EU Could Lead Sudan Peacekeeping Force, Top Official Says
A peacekeeping mission to Sudan could be on the cards, according to the outgoing chairman of the EU's military committee, Gustav Hägglund.
An EU peacekeeping role in Sudan is "very possible," Gustav Hägglund, who is completing his three-year stint as the EU's top military chief, told the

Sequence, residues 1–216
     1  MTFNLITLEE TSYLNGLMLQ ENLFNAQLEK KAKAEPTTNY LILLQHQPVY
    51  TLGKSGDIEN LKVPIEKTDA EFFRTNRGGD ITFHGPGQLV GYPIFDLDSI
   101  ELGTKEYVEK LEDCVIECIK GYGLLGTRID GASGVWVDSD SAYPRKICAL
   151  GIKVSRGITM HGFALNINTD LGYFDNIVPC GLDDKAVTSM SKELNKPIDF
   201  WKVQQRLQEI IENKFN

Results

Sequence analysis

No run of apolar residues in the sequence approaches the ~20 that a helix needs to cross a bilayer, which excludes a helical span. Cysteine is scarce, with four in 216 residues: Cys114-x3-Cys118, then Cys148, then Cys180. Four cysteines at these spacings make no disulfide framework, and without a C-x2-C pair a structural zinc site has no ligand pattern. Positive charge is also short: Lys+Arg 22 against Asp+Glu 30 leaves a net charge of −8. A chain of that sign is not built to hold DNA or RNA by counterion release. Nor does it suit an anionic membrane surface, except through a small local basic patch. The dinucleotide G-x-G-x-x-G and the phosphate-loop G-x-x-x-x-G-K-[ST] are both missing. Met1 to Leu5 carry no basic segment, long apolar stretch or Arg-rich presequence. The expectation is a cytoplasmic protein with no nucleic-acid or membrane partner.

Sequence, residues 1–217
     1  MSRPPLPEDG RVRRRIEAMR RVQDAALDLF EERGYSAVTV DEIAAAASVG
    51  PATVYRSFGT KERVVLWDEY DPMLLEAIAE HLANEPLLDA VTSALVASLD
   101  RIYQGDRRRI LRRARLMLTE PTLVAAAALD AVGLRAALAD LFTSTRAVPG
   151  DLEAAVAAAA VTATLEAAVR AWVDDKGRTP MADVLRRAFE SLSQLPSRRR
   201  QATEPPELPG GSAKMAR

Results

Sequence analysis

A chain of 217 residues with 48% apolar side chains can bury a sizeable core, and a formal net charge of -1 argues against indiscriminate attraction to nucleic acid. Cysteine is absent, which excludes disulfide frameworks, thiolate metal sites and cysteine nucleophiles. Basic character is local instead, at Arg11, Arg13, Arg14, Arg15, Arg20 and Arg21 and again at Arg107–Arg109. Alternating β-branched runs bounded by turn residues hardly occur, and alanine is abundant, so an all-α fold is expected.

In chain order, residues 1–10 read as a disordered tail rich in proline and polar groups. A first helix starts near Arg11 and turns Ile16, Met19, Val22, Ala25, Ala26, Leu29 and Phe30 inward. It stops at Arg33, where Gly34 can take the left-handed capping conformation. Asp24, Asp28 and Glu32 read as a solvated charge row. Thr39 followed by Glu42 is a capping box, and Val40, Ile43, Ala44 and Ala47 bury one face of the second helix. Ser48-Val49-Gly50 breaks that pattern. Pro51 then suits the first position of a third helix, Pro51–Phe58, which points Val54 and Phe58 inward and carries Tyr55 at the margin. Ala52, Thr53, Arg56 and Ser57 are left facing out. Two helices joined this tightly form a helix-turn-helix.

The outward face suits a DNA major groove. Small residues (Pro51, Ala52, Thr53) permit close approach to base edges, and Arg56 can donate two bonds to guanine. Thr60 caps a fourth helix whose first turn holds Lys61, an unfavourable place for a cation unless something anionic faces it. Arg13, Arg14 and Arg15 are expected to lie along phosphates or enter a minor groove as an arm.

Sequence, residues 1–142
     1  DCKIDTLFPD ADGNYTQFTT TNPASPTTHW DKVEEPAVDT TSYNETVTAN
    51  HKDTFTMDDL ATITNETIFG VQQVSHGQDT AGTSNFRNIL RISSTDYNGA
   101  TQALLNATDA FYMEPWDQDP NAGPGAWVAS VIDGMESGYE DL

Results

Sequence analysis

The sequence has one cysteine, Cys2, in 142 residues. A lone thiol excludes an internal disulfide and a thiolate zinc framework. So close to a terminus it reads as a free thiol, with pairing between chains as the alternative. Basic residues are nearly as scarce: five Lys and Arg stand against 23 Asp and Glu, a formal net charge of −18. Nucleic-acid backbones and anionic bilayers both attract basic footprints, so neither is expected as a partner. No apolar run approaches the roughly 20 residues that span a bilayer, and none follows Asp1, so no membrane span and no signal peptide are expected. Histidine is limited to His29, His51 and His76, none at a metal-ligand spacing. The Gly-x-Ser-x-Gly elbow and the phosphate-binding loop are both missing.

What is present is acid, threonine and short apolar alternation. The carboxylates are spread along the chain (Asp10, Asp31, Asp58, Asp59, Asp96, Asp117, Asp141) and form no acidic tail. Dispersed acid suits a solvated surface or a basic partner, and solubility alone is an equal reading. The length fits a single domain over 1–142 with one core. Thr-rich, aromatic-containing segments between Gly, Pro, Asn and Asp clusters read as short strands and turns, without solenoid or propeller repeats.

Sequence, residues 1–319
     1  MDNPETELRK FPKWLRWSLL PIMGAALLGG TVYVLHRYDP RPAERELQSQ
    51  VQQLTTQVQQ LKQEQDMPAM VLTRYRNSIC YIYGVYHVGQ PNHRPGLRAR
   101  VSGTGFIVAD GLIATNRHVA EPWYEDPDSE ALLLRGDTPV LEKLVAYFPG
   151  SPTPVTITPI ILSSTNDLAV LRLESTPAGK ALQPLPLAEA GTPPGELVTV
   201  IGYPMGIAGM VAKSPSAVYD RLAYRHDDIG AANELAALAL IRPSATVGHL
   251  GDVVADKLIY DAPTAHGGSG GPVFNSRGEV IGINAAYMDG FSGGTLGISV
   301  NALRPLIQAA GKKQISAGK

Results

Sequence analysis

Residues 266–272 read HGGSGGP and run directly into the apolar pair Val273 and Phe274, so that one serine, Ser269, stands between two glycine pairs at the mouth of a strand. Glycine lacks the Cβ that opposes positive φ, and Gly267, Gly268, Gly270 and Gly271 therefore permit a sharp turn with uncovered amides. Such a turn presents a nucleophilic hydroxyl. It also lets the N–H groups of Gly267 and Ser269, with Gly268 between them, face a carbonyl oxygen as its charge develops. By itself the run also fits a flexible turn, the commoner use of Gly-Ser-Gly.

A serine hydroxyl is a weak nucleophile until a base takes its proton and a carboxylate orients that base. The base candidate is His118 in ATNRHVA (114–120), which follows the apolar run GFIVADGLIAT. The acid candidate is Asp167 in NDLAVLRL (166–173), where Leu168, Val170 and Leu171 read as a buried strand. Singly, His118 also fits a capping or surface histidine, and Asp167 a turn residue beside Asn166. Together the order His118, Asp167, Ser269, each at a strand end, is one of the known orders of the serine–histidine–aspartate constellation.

Financial Times. His comments raise the prospect of the European Union undertaking its second peacekeeping mission outside Europe, and the second on the African continent. Last year a French-led EU force intervened in the north-eastern Congolese town of Bunia to quell an upsurge in violence. Although limited in scope, most see the intervention as a success giving the EU the confidence and credibility to proceed. EU and UN diplomats have been considering the possibility of a similar military intervention in Sudan for some time. The UN and the international community are keen to stop the ‘war within the war,’ which is currently taking place in the western Sudanese region of Dafur. Since early last year Dafur has been plagued by inter-Arab disputes and Arab-African ethnic. Many think the Dafur crisis has the potential to derail peace talks aimed at stopping the civil war. It is likely that any EU intervention would follow a UN resolution and would be headed up by a ‘lead nation,’ in keeping with the Congo (Kinshasa) mission and a recently agreed EU security plan to create a series of 'battle groups.' Italy, France and the UK have all been deeply involved in monitoring the Sudanese peace process and are the nations most likely to lead an EU force.